We’ve been discussing the changing nature of the English language a lot here this week (from the rise of public English to the acceptance of “like”), but if there is one thing that’s consistent in language, it’s the word “huh.” Linguists have studied 31 languages that all contain the interjection, making it one of the first universal words.
“But the civil rights movement didn’t stop in Selma.” In a follow-up to March, his award-winning graphic novel trilogy, Congressman John Lewis will have a new series published later this year by Abrams ComicArt, according to Time. Run, which will also be a multi-book series, will pick up where March left off. Pair with: The Millions‘s review of March.
Umberto Eco, Italian semiotician and author of works such as Theory of Semiotics and The Name of the Rose, has died at 84. His most famous work, The Name of the Rose, was adapted in a film starring Sean Connery and Christian Slater. Reflect on his life by revisiting Hillary Kelly’s review of Confessions of a Young Novelist.
And now, a little bit about a world you might be totally unfamiliar with; this piece from The Rumpus is a fascinating, in-depth look at identity politics and eating pork in the Chinese borderlands. Bonus: a complementary piece about what it’s like to be a Chinese-American writer living in china.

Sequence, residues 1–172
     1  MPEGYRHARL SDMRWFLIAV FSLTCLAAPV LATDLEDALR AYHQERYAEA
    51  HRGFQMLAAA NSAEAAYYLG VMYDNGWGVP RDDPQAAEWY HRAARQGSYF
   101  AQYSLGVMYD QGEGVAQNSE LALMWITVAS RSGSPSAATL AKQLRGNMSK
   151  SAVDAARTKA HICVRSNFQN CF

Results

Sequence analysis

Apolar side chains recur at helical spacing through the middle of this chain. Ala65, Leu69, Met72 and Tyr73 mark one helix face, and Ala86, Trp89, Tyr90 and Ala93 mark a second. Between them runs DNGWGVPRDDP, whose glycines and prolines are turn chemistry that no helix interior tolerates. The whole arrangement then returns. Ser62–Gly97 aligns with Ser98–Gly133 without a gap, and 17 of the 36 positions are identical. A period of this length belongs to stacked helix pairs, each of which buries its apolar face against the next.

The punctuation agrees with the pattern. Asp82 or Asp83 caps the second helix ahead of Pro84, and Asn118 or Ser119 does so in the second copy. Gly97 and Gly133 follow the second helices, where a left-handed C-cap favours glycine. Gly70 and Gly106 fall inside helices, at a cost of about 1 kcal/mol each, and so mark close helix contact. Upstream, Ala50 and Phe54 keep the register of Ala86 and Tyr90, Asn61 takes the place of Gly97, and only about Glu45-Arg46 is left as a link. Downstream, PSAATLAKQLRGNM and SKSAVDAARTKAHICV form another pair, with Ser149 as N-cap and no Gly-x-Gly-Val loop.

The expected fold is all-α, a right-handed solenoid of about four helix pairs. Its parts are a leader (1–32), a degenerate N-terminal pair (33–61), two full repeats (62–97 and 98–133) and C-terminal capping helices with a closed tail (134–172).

After word got out last week that J.K. Rowling regrets bringing Ron and Hermione together, many people responded with interesting takes on the news. The hubbub missed the full context of Rowling’s quotes, however, as they leaked from an interview in Wonderland magazine that hadn’t yet been released. Now the new issue of the the magazine is out, and the context changes things a bit: Rowling actually said the two “will be alright with a bit of counseling.”